So, you get your TV signals...on one or more of the TVs in your home...by way of antenna...a set of rabbit ears or perhaps a big antenna up on your roof.
What happens to the good old TV signal you've been watching for free all these years, come February 17th?
"On February 17th, the analog goes away!" exclaims Station Engineer Kevin Buskirk. "Digital still continues, over the air, for free."
When "Analog goes away", what will people find on their set? Engineer Kevin Buskirk says “Nothing but static!"
So what do you do?
An older rotary antenna system might serve you very well, as long as it still turns and will point the antenna directly at the transmitting tower. But if you get your signal by way of an antenna, you've got to act. Or your free over-the-air signal will be gone forever. What do you have to do? The easiest option is cable.
"The second option would be the converter box or a new television with digital tuning in it," explains Tom Schaad, Co-owner of Shadix TV.
"Or you can pick up the broadcast signal over an antenna.”
But what happens if you don't want cable or you live where there's no cable available?
"I believe it was about two years ago that they passed a law that all TV sets sold have to carry a digital tuner," confirms Tom Schaad of Shadix TV, So any new set should not be a problem."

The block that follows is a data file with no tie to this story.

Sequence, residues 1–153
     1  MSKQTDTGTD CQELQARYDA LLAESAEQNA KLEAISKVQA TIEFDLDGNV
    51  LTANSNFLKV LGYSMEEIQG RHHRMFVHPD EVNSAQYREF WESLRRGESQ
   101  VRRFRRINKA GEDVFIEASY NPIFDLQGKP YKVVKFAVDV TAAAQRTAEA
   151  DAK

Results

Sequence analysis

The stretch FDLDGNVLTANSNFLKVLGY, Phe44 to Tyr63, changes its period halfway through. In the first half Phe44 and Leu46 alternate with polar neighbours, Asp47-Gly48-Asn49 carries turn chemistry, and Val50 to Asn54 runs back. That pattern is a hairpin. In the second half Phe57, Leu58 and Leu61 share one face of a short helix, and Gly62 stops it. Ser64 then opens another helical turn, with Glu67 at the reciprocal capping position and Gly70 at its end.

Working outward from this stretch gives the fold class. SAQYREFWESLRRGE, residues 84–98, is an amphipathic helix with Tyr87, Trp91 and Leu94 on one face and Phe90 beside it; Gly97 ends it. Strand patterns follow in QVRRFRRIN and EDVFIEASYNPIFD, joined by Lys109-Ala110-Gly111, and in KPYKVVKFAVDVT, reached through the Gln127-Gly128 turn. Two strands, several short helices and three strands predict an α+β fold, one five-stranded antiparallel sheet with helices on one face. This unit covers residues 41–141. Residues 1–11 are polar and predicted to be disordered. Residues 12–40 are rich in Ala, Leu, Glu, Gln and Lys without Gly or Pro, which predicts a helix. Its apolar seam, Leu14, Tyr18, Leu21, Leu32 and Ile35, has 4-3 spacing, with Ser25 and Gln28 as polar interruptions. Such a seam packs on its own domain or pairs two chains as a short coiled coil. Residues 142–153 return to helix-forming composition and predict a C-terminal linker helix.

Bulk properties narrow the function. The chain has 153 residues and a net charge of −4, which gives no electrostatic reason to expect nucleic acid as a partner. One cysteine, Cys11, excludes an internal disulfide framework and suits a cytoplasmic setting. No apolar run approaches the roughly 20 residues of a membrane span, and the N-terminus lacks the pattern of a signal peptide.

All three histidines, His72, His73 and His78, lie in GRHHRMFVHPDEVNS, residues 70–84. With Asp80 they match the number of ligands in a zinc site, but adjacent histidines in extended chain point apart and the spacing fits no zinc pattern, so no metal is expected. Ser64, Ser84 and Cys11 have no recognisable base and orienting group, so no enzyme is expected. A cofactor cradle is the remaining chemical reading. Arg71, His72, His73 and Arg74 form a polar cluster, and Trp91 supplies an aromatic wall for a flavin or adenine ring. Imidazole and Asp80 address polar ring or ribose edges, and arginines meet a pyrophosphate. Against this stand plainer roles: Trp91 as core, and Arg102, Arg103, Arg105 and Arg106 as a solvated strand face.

And if you don't think you can afford that?
"The cheapest (solution) would be your antenna. --If you had the converter box, if you don't want to buy a new TV-- then an antenna would definitely be your cheapest (option), states Tom Schaad, of Shadix TV.
And you can get coupons from the federal government to help you buy up to two of those converter boxes. Each coupon has a value of $40, the same as the lowest cost set-top box. You can buy as many boxes as you want or need. But the federal government will only provide you with coupons to help you buy two. The installation of one of these set top digital converter boxes is rather easy.
All you have to do is take the antenna lead, run it into the back of the box, set it near your television set, run the additional cable back to the back of your current TV set, plug it in the power strip, reprogram or let it search for the new frequencies.
But what happens if you've done all of that and you STILL can't get a decent over-the-air signal? We'll have some suggestions for you in Part Three...
To help you buy up to two of the set-top boxes go to www.dtv2009.gov or call 1-888-d-t-v-2009.
Remember if you have cable TV service this does not apply to you.